Storytelling is one of the oldest and most powerful creations of mankind. Stories evoke a wide range of emotions to the point that some of the best can have us laughing, cheering, and crying within the span of minutes. They can be frightening, and they can be uplifting. They can show the darkest truths of humanity, and can make us question and reflect upon our own inner selves. They can also fill us with a spark of hope and promise that no matter how dark the circumstances may seem, there will always be a light on the other end of the long and winding tunnel of life. Indeed, there is no other creation of mankind that can affect us quite like a well-spun tale.
But where do the stories come from? How does a story spread and come into its own; growing from one recounting of events into something else entirely? How can, in many cases, something begin as slightly mundane, only to gather more bits and pieces of fiction before becoming something exciting — something that will be remembered for years and years to come? For the answer, look no further than Where the Water Tastes Like Wine from Dim Bulb Games.
Where the Water Tastes Like Wine is not your typical video game experience. In fact, I might even go as far as to say that this is the most unique game I have ever played. There will probably be no shortage of people who call the title a “walking simulator” and in many ways, they won’t be entirely wrong. However, while there is certainly a lot of walking to do in this game (pretty much going from one end of the United States to the other), walking in itself is not the core mechanic … That comes in the form of stories.
You see, the main story of Where the Water Tastes Like Wine is an extremely simple one: the lead character loses in a game of cards with the devil and as punishment, is sent on a quest to wander until the end of his days, collecting more and more stories along the way, and retelling those stories to others so that they might spread and gain a life all their own. Nothing about it reinvents the wheel, and there really isn’t much of a hero’s journey. That’s because the main character isn’t much of a character at all, but rather a vessel for the player to experience the beautiful folktale world that’s laid before them.
Travelling across the United States will bring players upon many random encounters, all of which are meant to convey some sort of emotion — from happiness and home, to the frightening and supernatural, to loss and moving on. But collecting these stories is only a part of the game, for it won’t be long before one of the game’s many strangers appear. When players encounter one of these strangers, they’ll be tasked with talking with them for a night. While speaking with these strangers, they’ll ask you to tell them a story. They might ask for a sad story or a funny story, and the player will have to decide which of the things they’ve encountered might fit the stranger’s request. After spending a night with a stranger, they’ll move on to their next destination and spread those same stories along the way. And that’s really the core gameplay loop Where the Water Tastes Like Wine.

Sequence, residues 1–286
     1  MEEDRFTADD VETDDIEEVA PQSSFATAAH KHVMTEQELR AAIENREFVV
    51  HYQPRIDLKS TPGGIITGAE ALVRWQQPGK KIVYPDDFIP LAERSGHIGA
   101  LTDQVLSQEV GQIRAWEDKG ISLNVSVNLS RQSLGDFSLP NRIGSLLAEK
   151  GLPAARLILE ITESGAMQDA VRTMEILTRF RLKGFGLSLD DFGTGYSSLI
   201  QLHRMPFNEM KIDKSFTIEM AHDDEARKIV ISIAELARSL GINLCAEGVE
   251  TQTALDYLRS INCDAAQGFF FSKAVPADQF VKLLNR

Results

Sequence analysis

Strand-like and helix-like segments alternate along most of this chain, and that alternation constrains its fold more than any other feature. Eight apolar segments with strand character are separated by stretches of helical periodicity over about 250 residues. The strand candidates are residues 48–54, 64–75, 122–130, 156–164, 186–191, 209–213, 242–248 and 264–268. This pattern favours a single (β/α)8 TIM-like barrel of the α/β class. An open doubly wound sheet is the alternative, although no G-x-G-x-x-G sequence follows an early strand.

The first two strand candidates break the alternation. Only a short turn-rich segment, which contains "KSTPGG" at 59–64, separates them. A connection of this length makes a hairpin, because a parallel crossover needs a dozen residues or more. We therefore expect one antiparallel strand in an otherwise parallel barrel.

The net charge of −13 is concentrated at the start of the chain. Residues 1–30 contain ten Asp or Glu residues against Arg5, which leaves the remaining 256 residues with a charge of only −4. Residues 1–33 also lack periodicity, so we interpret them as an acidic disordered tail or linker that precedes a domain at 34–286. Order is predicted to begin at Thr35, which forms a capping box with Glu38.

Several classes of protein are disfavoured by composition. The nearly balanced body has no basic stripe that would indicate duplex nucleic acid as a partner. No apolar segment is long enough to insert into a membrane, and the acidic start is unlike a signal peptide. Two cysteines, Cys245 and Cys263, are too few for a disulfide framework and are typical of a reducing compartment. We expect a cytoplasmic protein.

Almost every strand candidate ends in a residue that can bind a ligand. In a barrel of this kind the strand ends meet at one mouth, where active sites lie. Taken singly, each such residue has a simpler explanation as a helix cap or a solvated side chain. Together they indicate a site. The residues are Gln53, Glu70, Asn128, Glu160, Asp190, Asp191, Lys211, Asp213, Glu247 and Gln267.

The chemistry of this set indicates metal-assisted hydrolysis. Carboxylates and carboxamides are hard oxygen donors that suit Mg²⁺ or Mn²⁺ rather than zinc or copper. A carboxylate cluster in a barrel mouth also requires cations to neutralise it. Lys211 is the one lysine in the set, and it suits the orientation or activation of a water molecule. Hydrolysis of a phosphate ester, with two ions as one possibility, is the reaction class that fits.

The game’s overworld is very simplistic but ultimately serviceable. Still, it’s a wonderful collection of folk music which really helps to immerse the player in that “lone wanderer” vibe that the game is going for. Also, special mention must be given to Keythe Farley, who voices the game’s gravelly-sounding narrator. Key the carries most of the weight as the narrator, and in my opinion, did an exceptional job.
I encountered a few issues with Where the Water Tastes Like Wine. There’s a mechanic in which the player can whistle to walk faster, but I found that the directions on how to do that were unclear. Also, there were many times when I tried to tell one of the strangers a certain type of story they requested, only to find out that it wasn’t a good fit for them. This could get a little frustrating as all of the collected stories are labeled differently, yet what might seem like a sad story sometimes won’t work when a stranger asks to hear a sad tale. I wish the game could have been a bit clearer on why certain stories might not work, despite them appearing to be exactly what the stranger was looking for.
Where the Water Tastes Like Wine is not for everyone. It’s a very slow game, more interested in telling several micro-stories than one larger narrative. But it is an exceptionally relaxing title, and if you’re looking for something outside of the typical high-action title released these days, this will certainly make for a cozy retreat.
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